'Rage is an underlying theme across the entire album'
Narzra Ahmed
11:55 23rd March 2021

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With their new mini album Vampire out on Friday, Gigwise spoke to Kitty and Jon from Saint Agnes about how their anger fuelled their songwriting, and about Nick Cave praising their work...

Saint Agnes draw influences from everything around them. “It’s almost like every piece of music and every film and every conversation plays a part in what you ultimately create,” says Jon James Tufnell. “I think that there are some artists that we particularly admire for their fierce creative independence like Nick Cave, PJ Harvey, Trent Reznor of Nine Inch Nails, Ho99o9,” he continues.

During lockdown, Saint Agnes kept creative by releasing covers of some of these heroes, covering everyone from Lana Del Rey to Lorde, as part of their Quarantine Diaries. They took pop classics such as ‘Green Light’ and gave them a new lease of life. Kitty Arabella Austen says: “we would cover songs and record our version of and make a video for it. Then we'd give ourselves a day to do it. It was mainly to keep us sane. We really weren’t in the mood for writing our own music at that point, because everything was so intense and scary. We started doing The Quarantine Diaries and doing that kind of led us to starting writing on the mini album”.

Recording the mini album, ‘Vampire’ was unique - not only because the band members hadn’t seen each other in months, but also because the whole process felt more intense than usual. Kitty speaks about how her strong feelings were at the forefront of her creativity. “I think rage is an underlying theme across the entire album. I think part of the reason we wanted to make something during this time is because we're feeling really pissed off. Pissed off at the government massively in the way that the arts have been treated during this pandemic,” she explains.

“We wanted to make something that was a big ‘fuck you’ to them really. Our entire industry - our friends who are roadies, who are tour managers, sound engineers, all the people that make up the live music industry - were basically told ‘you're not viable’. I was thinking about it…’why does this EP sound so angry?’ And I think that's probably why.” 

Jon agrees. “General frustration and rage was...we needed an outlet for it. And that's what we created with the music and then, at the same time, because of lockdown, our window to the world, everyone's windows to the world right now is virtual.” He explains that the lack of real human interaction made them feel “disconnected from reality”. He describes how Saint Agnes used the concept of social media for their sound. He says, “We wanted to make music that had elements, whether that was masking something underneath that was really ugly and inspired by rage or something that was more negative”.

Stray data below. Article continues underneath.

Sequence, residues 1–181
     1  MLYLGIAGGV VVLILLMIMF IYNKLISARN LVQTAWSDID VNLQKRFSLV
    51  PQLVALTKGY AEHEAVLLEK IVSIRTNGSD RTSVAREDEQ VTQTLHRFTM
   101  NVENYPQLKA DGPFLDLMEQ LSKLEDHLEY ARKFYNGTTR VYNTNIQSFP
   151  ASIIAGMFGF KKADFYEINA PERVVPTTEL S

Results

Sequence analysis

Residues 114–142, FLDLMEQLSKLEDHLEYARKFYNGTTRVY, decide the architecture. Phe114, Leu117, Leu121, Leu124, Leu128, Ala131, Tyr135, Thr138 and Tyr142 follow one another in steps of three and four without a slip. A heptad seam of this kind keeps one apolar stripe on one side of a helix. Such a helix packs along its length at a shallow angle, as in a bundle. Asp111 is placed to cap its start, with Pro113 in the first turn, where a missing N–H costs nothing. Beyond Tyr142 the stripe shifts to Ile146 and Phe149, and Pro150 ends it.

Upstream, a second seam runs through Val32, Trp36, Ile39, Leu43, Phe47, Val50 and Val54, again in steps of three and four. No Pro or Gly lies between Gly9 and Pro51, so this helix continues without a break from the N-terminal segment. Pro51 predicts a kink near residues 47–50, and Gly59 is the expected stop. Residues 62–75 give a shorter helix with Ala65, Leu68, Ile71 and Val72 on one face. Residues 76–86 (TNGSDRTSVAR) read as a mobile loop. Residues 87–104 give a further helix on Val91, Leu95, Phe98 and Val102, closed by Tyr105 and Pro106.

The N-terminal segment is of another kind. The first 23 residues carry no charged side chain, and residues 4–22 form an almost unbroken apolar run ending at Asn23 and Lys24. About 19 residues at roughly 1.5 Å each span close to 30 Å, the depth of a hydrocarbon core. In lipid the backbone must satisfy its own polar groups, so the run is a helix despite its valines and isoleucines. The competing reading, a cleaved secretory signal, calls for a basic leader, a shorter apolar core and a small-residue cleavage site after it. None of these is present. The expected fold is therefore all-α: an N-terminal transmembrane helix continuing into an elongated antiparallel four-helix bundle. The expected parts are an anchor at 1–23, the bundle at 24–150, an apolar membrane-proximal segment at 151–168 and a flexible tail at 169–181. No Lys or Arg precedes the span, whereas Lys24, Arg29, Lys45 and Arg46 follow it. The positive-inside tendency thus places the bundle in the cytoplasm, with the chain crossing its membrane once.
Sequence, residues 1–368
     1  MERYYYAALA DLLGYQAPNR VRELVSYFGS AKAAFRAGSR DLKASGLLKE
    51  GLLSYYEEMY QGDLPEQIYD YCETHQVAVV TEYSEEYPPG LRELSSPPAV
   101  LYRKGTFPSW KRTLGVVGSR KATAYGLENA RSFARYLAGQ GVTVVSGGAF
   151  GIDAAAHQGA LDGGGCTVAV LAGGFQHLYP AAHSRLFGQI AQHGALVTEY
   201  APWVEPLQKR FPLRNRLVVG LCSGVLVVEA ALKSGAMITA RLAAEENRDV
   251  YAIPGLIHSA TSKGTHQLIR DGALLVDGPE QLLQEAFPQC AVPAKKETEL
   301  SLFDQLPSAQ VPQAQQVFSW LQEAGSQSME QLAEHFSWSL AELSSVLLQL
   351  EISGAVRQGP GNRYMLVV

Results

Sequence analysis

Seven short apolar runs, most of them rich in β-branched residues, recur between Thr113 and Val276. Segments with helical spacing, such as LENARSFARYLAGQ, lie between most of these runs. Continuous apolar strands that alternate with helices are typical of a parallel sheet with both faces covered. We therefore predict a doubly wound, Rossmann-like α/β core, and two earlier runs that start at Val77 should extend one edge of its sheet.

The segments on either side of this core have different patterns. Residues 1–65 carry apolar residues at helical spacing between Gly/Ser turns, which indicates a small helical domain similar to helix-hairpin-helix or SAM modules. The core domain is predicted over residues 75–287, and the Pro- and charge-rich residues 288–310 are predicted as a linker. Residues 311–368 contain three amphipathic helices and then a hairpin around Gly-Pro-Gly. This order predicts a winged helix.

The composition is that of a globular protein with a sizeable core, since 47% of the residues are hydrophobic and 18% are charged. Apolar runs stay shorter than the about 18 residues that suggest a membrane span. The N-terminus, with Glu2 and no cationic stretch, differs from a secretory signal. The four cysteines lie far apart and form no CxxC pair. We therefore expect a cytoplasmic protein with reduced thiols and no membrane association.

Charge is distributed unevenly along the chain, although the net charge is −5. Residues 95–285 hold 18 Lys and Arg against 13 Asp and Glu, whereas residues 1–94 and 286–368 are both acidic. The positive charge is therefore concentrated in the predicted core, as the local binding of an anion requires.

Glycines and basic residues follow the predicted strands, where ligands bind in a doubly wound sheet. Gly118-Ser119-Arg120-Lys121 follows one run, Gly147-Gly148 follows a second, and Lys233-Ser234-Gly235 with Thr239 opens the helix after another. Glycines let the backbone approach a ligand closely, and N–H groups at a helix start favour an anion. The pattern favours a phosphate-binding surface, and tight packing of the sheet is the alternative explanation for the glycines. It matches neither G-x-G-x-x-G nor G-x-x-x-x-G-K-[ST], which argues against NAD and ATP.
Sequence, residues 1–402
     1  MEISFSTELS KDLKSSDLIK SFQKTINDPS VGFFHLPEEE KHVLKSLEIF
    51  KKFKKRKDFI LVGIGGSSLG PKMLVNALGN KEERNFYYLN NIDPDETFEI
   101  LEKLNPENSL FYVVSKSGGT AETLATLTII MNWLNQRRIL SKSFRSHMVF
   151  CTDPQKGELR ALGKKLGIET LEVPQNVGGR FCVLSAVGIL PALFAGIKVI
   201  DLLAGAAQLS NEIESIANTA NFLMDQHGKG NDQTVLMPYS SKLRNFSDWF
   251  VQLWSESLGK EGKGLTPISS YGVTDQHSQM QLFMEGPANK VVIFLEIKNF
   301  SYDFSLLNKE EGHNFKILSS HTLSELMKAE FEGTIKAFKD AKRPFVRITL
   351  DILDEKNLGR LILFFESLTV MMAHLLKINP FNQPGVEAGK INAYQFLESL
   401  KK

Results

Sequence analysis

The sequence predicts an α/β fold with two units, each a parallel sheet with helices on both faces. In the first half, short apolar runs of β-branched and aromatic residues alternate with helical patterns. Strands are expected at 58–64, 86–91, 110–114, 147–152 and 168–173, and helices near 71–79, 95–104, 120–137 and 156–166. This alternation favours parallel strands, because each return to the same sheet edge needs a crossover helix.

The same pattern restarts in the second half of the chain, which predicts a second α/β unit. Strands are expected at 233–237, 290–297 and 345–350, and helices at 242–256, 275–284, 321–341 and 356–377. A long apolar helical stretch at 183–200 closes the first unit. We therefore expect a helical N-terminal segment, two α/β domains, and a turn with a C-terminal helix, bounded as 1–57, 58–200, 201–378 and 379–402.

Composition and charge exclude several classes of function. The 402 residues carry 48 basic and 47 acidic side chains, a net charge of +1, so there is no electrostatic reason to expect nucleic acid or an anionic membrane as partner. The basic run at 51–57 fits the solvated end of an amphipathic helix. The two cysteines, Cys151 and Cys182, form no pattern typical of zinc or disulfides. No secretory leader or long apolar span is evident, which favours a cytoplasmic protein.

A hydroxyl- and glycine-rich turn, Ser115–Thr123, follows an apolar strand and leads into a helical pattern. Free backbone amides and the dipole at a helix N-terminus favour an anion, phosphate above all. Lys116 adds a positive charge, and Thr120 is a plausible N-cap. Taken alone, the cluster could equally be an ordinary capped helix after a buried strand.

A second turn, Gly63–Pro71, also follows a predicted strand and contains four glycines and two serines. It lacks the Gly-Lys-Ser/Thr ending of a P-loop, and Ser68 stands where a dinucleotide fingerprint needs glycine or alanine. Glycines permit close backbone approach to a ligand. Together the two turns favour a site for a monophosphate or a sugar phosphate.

Another reason for the raw intensity of the mini album is that Saint Agnes poured all their energy into it. Without live shows, they expended their energy into ‘Vampire’. Previous single and title track ‘Vampire’, is about “the ugly side of social media where we like the things that do well and the things that are the shiniest.” Kitty adds, “The song is about how social media makes  a monster of you, like makes a vampire - that's where the idea came from.”

“I don't think anyone goes on Instagram and then comes off it feeling good about themselves, I just don't think that that happens...so ‘Vampire’ is about that duality. We wanted to make what is more of a pop song and present the shiny, beautiful thing. But then the lyrics and the theme of the song are about the ugliness underneath it. So like the beautiful vampire but really, it's a 300 year-old of the undead”. 

Jon adds, “we've taken our song - that would be our normal punk rock song - and we put it through some audio Instagram filters, so that it feels more subversive. It feels more subversive to play the game and highlight the horror of it from inside”. 

The mini album also has ‘psalms’ on it, which help the main tracks transition into the next. Jon describes the process of adding the ‘psalms’. “We know that when people sit down and listen to a record, or they put on a CD, it's a different listening experience. And you kind of want to immerse yourself more like you would when you're watching a film. And so we wanted to have a little bit more meat on those bones.” Some of these transitions include samples from their favourite podcasts.

We're sure you're convinced already, but if not then know this: Saint Agnes now have a fan in Nick Cave. After recording a cover of Grinderman tune ‘No Pussy Blues’ last May, Cave himself heard it and swiftly christened it as “chilling and superior”. Kitty and Jon, as you might imagine, described this moment in their career as “amazing” and “surreal”. 

Vampire arrives 26 March.

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Photo: Scott Chalmers